German Chancellor Angela Merkel Is On Her Way Out—What is Next for Germany and the EU?
Added: (Mon Aug 26 2019)
Pressbox (Press Release) -
“Democracy lives off change“ German Chancellor Angela Merkel replied to a journalist about President Obama´s eminent departure during their final joint press conference in November 2016. In a surprising move, Merkel announced her own exit from the political spotlight in Hamburg last December when she declared she would not seek reelection after her term expired in 2021. “I believe we need to turn a new page” she declared. Her resignation means that for the first time in nearly two decades, Germany´s conservative Christian Democratic Union (CDU) party will not have Merkel at the helm.
As a tribute to the steady leadership Merkel provided to not just Germany and the EU, but the United States, I have written a book entitled, My Partner, My Friend: The Relationship Between U.S. President Barack Obama and German Chancellor Dr. Angela Merkel to emphasis the importance of Transatlantic partnerships in the increased globalized world.
The 250 page researched manuscript (written in both English and German) outlines the unusual respect and closeness of the two as individuals, but also as world leaders of allied nations. As I argue in the book, “Because of the bond between them, Merkel let down her usual guard, and Obama managed to humanize Merkel—allowing the public to see a more human side to the normally reserved and stoic Chancellor.” While the two had their share of disagreements over their eight year working relationship, the respect they had for each other’s nation and their understanding of the need for allied nations to work together provided an incentive for the two to work together despite some profound differences of opinion and policy. Because of their partnership, they helped the world overcome the economic crisis of 2009, the Iran Nuclear Deal was signed, and the Paris Climate Accord was also signed. Given the rapid change in protocol in these policies in the recent administration, this book is a timely reflection of how important relationships such as Obama and Merkel’s is in maintaining global security.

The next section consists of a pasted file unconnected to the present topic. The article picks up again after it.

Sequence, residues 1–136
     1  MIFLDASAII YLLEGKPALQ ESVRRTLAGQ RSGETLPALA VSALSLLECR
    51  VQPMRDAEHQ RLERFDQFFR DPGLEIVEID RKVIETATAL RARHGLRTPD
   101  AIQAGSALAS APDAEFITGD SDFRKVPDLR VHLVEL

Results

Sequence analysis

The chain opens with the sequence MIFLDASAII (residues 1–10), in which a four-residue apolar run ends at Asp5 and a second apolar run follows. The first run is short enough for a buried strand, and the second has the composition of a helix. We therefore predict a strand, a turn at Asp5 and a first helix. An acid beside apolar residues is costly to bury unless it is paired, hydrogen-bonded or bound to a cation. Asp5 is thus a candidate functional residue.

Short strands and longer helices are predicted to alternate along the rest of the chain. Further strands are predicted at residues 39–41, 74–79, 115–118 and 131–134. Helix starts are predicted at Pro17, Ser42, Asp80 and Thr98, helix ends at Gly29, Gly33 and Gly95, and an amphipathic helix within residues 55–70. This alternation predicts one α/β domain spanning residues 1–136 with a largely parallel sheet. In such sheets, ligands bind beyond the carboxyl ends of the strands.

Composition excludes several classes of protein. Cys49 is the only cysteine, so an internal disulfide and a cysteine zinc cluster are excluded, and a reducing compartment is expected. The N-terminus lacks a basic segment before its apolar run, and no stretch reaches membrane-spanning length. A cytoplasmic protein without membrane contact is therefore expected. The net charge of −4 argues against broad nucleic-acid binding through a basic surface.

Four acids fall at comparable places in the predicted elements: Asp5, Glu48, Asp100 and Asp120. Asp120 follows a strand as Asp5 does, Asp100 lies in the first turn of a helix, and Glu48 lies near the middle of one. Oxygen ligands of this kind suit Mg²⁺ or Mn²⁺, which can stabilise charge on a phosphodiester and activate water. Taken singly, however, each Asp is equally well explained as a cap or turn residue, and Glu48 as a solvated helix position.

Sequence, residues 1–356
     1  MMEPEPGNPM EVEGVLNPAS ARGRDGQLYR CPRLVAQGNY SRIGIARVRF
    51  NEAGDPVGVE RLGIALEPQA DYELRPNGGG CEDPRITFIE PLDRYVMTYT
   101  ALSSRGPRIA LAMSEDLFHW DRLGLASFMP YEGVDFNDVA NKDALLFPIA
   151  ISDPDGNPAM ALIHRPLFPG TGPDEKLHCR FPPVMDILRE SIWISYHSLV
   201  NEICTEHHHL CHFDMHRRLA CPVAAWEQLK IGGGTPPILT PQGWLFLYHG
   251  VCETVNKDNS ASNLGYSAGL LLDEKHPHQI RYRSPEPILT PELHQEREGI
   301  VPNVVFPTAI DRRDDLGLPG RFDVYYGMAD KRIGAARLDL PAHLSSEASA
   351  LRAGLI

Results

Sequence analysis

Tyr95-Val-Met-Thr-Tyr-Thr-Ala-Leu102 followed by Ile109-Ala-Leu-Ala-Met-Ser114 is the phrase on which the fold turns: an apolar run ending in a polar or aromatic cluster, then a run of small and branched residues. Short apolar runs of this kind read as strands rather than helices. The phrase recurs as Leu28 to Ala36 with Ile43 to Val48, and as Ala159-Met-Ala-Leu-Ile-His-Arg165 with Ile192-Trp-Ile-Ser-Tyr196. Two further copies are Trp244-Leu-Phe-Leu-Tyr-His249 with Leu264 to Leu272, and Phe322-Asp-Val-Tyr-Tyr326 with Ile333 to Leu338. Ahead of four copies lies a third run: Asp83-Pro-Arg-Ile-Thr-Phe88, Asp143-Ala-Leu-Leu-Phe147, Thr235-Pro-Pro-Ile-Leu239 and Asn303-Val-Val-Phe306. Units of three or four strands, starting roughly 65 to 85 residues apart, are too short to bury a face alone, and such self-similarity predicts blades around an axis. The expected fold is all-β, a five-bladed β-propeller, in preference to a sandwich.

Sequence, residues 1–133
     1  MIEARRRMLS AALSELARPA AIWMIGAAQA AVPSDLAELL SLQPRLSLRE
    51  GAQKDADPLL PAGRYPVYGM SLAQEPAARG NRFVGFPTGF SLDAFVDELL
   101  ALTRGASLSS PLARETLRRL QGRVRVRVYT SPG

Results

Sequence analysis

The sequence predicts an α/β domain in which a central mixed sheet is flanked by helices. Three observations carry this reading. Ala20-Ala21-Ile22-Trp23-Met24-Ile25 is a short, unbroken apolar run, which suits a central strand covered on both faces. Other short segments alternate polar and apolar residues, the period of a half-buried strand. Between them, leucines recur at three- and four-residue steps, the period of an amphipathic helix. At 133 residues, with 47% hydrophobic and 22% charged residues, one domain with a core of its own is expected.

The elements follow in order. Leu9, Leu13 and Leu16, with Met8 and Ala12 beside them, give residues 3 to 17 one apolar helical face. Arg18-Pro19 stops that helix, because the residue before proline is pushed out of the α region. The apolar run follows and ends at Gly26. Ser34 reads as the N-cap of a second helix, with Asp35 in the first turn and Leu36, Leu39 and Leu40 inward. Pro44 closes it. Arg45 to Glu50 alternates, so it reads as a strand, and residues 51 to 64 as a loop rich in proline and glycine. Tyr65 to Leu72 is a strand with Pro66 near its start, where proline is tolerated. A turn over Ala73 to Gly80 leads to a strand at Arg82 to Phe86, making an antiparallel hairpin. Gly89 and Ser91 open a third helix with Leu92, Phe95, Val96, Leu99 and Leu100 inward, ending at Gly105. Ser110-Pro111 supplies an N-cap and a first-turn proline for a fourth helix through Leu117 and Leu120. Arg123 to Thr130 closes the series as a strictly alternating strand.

Merkel´s departure could be attributed as another causality of western democracy in favor of the nationalism rhetoric that has swept across democratic countries recently. However, what can be said is that Merkel´s leadership provided an anchor of stability in the most turbulent times throughout the world. Her departure will be missed throughout the world and will leave a gap that will be difficult to fill.
Claudia Clark is an American political scientist and historian living outside of Munich where she served as at national Get Out The Vote (GOTV) coordinator for Democrats Abroad Germany. She holds a bachelor’s degree in history and public policy, and a master’s degree in history and social work.